Lifting a community up through Social Entrepreneurship

By: Karen Wawrzaszek

Tens years ago, we were in the throws of the global financial crisis, weeks away from the collapse of Lehman Brothers. Today, the U.S. economy is strong. The stock market is up, unemployment is down, and the gap between the rich and the poor is wider than ever. Things are better, but also worse.

To say that our economy doesn’t work for everyone is an understatement. While there has been a long-term trend underway, a recent Reuters analysis of U.S. household data reveals that the continued increase in consumer spending over the past two years has largely been driven by the bottom 60 percent of wage earners, even as their finances worsened. Our strong economy is being fueled by borrowing and spending savings. As a result, credit card and loan delinquencies are increasing and saving levels are at their lowest since 2005. Things are better, but also worse.

Unemployment may be down, but wages aren’t growing and haven’t been for a number of years -- hence the arguments underway for Universal Basic Income programs. In a recent report, the Office of the Budget Director of the Council of the District of Columbia estimated that a childless adult living in the District would need an annual income of nearly $37,000 to meet their basic needs. The federal poverty line for a childless adult is closer to $15,000. Poverty is persistent, and is a consequence of a growing wage and wealth gap where certain economic and social systems need a fresh look.  So how can we make things better, period?

Muhammad Yunus,  founder of Grameen Bank, posits that “the most important step to ending poverty is to create employment and income opportunities for the poor.” But we know, that even in D.C., with the nation’s highest minimum wage, wage-employment doesn’t generate enough to sustain a family. According to Yunus, self-employment is the quickest and easiest way to create employment for the poor. He further states that “economic theory in its simplest form visualizes people as providers of labor. They are born to take orders from a small group of a very special kind of people known as entrepreneurs. These special people are the only people who can think, organize, and act.”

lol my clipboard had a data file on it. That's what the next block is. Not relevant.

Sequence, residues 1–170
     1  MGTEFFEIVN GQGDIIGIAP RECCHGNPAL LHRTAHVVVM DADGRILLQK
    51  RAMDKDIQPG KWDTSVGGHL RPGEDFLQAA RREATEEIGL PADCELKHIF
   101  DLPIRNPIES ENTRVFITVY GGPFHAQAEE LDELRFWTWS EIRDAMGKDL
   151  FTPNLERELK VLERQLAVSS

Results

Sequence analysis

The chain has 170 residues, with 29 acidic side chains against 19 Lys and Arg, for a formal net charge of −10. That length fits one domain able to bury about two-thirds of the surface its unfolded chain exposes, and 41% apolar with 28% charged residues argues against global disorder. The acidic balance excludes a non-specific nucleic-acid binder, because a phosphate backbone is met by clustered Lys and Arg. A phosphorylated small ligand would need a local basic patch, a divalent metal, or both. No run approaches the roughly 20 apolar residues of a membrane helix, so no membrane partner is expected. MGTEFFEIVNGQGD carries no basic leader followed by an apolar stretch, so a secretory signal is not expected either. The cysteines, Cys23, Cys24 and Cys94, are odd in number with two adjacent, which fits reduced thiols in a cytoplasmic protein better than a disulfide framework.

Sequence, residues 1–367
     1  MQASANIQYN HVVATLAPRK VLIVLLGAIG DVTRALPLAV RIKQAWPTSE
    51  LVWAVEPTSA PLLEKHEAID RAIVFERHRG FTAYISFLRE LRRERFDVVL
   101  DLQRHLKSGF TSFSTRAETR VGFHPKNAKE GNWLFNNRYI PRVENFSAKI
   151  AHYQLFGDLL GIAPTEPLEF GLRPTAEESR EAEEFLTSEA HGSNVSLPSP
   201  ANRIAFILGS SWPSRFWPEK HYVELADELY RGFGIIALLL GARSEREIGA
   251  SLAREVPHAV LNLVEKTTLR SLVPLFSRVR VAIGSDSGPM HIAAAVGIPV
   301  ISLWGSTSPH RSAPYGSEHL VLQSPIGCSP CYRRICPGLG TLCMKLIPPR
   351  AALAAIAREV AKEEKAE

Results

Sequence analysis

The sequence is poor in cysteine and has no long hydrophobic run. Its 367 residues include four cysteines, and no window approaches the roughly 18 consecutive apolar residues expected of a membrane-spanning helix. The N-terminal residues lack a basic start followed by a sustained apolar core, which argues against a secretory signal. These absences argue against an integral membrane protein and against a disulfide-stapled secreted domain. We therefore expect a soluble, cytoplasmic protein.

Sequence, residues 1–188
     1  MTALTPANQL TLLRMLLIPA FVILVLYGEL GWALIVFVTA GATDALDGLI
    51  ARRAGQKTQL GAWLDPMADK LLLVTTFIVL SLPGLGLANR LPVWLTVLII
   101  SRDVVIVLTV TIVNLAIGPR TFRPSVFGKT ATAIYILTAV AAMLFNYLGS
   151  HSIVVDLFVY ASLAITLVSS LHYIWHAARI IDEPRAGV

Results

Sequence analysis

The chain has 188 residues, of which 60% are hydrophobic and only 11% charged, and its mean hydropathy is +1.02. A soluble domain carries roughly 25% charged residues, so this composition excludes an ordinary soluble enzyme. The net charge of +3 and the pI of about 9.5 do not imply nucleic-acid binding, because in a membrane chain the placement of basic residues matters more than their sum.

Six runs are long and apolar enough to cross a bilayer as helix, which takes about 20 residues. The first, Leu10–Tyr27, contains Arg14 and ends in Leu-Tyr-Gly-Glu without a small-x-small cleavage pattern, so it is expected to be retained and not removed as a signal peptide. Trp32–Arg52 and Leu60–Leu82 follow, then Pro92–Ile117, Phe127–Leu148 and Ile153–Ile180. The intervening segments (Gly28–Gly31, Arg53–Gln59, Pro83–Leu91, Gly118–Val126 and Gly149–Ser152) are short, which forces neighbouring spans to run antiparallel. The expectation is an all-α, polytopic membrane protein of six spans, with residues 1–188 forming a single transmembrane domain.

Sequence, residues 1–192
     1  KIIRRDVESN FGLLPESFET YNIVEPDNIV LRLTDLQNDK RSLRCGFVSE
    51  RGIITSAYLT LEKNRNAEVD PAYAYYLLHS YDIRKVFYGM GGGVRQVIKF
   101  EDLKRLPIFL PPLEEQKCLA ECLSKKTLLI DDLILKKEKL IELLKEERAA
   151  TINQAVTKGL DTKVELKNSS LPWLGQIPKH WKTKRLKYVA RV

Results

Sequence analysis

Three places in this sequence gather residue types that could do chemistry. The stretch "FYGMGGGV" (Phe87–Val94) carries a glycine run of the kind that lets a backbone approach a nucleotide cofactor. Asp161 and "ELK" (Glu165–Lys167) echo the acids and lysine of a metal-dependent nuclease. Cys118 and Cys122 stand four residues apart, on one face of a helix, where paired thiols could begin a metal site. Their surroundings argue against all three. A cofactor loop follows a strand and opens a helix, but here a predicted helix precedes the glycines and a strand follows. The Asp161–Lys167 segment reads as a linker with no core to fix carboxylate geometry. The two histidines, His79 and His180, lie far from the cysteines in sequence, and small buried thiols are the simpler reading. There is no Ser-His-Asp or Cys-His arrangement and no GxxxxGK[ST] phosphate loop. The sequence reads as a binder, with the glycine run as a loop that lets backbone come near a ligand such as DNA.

So what if we imagined a different kind of economic theory? One in which all people are potential entrepreneurs? And better yet, what if they were social entrepreneurs? People who, unimaginable in orthodox economic theory, didn’t only seek to maximize personal gain, but sought social gain -- an added dimension to our current capitalism framework. Turning the page on current economic theory by supporting social entrepreneurs whose objectives are aligned with revitalizing communities through health, education, workforce development, and housing is an avenue worth exploring and advocating for.

Poverty is not created by the poor, so when we think about bringing new enterprises or innovations to a community that is struggling economically and one that has never had success modeled for it, it’s important that we not try to fit those innovations and enterprises into the current economic and social system that created poverty in the first place. We must create new systems that bring access to capital, stable housing, and a capable local workforce.  Take DC’s Minnesota Avenue Main Street Program, for example. Grounded in asset-based development, an approach that starts with a community’s existing assets rather than what it lacks, this program is promoting the revitalization of traditional business districts. Program Manager Anaia Peddie works to provide business technical assistance, marketing and public space design activities to help the small businesses on Minnesota Avenue flourish and enabling existing potential entrepreneurs to draw from local resources.